Connecticut signs up for nuclear electricity

02 January 2019

Connecticut has selected two nuclear power bids under a recently adopted statute requiring the US state to conduct an appraisal of nuclear power plants and solicit bids for zero-carbon electricity-generating resources.

The Millstone plant in Connecticut (Image: Dominion Energy)

In June 2017, Connecticut passed a law allowing nuclear power plants to bid into markets with other zero-carbon resources such as wind, solar and hydropower. However, the timescale applied to at risk plants in draft versions of the request for proposals (RFP) issued by the Connecticut Department of Energy and Environmental Protection (DEEP) would have delayed the inclusion of Millstone - Connecticut's only operating nuclear power plant - until 2023. Millstone's two pressurised water reactors have a combined capacity of 2088 MWe, and generate about 45% of the state's electricity.

Dominion Energy, in comments on the RFP submitted to DEEP, said the proposed delay in Millstone's participation in the zero-carbon procurement programme would increase uncertainty over the plant's future.

DEEP said on 31 July it had received about 70 comments on the draft, which it had "carefully reviewed" before making changes to the final RFP. In the final document, the at risk time period has been brought forward to 1 June 2022.

"However, a bidder can rebut this presumption by providing evidence in the PURA [Connecticut's Public Utilities Regulatory Authority] 'at risk' proceeding and in its bid submission to DEEP that it should be considered at risk prior to 2022," the RFP says.

Governor Dannel Malloy and DEEP Commissioner Robert Klee announced on 28 December that Connecticut has selected two nuclear power bids for zero-carbon electricity-generating resources. The approved selections will secure the at-risk Millstone plant and provide low-cost zero-carbon energy from NextEra Energy's Seabrook plant in New Hampshire.

"We agreed with PURA that the Millstone nuclear facility is at risk of early retirement and created an evaluation framework that let us compare the costs of retaining the resource with the cost of replacing it over time with a variety of renewable resources," said Klee. "We remain committed to keeping this valuable zero-carbon resource, provided that it is affordable, as we work towards long-term replacement through smart investments in offshore wind and solar paired with grid-scale storage. At the same time, we believe ratepayers deserve, and can get, a more competitive price for Millstone's output."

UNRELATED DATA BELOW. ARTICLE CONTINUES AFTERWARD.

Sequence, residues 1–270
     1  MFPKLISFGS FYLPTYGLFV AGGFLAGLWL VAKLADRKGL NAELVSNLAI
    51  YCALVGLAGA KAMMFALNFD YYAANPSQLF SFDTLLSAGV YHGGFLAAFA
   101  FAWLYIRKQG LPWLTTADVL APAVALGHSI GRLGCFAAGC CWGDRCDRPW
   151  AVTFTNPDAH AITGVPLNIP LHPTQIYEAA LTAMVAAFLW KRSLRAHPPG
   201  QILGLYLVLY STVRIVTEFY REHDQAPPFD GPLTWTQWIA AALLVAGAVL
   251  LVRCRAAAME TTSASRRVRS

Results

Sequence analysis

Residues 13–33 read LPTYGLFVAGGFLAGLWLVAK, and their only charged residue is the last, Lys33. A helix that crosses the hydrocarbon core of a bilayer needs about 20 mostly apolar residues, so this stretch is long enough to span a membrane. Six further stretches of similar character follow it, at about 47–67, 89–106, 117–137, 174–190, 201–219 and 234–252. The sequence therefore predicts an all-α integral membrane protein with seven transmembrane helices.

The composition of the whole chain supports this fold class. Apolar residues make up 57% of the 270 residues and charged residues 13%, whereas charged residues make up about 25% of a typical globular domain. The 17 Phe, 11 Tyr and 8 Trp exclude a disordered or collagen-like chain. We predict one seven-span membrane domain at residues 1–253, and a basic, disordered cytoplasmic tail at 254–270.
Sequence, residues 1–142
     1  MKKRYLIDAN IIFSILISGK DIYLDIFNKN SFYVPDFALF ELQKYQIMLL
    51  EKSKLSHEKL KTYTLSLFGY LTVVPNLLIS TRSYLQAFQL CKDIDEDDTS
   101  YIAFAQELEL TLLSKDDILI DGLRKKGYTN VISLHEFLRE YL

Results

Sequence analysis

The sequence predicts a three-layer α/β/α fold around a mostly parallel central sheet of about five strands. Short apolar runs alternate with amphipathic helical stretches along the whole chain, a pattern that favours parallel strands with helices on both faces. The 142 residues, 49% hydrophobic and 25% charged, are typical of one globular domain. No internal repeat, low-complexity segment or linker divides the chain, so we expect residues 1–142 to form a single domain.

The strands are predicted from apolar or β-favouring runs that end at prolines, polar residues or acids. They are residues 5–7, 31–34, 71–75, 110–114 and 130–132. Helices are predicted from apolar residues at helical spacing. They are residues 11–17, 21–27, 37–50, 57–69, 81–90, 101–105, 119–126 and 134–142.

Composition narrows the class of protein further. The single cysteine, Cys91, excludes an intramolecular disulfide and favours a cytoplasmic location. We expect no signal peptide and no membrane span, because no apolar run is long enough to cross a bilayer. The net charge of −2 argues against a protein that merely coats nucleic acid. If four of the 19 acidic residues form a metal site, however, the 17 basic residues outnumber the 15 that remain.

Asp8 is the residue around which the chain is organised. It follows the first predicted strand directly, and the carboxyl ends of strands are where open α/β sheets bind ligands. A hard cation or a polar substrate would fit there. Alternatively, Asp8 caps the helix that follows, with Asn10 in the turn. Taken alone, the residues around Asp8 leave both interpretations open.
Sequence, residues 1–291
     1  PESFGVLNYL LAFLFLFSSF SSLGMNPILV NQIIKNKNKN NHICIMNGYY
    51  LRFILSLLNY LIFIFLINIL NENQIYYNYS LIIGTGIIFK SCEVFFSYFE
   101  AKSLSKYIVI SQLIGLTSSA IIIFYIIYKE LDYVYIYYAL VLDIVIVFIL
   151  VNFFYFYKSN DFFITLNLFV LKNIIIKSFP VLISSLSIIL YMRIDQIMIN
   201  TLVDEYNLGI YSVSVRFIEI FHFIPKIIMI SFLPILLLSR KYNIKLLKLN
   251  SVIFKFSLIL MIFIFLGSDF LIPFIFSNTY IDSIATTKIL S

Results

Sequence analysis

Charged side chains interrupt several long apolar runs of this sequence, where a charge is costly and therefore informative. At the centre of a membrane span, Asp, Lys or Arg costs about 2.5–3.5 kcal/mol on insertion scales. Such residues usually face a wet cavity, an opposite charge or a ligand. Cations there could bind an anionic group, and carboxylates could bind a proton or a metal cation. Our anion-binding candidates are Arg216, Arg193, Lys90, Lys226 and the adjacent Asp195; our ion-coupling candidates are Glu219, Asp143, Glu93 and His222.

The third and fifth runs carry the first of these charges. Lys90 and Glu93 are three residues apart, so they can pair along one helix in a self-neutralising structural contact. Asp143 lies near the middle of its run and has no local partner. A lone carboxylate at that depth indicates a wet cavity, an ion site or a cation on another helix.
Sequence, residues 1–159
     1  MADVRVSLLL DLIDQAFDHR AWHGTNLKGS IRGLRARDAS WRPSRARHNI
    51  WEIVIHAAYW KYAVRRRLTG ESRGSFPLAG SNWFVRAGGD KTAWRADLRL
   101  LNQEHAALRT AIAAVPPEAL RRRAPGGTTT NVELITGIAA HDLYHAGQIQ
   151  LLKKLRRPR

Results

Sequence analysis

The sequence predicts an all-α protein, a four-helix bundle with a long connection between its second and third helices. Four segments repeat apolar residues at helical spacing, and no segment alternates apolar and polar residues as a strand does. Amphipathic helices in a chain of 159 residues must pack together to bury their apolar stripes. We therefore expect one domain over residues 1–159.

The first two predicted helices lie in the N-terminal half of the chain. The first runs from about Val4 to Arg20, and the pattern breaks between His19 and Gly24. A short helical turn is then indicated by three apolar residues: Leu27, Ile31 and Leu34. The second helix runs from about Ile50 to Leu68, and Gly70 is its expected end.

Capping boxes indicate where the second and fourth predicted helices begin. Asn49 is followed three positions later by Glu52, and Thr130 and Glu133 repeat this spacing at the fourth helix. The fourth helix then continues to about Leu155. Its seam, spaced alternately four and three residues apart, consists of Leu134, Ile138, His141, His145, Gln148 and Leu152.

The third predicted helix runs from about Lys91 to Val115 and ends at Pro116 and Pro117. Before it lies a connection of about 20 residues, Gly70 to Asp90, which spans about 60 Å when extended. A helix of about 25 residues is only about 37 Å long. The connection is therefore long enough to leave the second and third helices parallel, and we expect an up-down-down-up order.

Millstone submitted 24 different bids for different term lengths and quantities. DEEP selected the ten-year bid for about 50% of the entire facility's output.

"DEEP selected and treated this option as though it were two separate bids: One for the next several years when they are not considered at risk due to their existing market commitments, and one for the latter years," according to a statement from the Governor's Office.

"The selected price for the first three years reflects Dominion's submitted energy-only price. For the at-risk period of the bid, 2022 to 2029, [Connecticut's electric distribution companies] Eversource and United Illuminating are directed to negotiated for a price that reflects the costs and risks Dominion faces."

Those negotiations are to be concluded by the end of March.

The Governor's Office noted a normal utility rate of return on equity is 9%. However, it said DEEP would consider 12%-15% "reasonable for a merchant plant with a long-term contract". It said Dominion has sought a rate of return "that is not in the best interests of ratepayers".

The Seabrook plant - which had not stated it was at risk of early retirement - was selected on the basis of its price of 3.3 cents/kWh levelised (3.9 cents/kWh nominal). The Governor's office said this price "beats the market forecast and is projected to save Connecticut ratepayers USD18 million per year over its eight-year term".

The Seabrook contract begins in 2022 and is for 1.9 million kWh of electricity.

Researched and written by World Nuclear News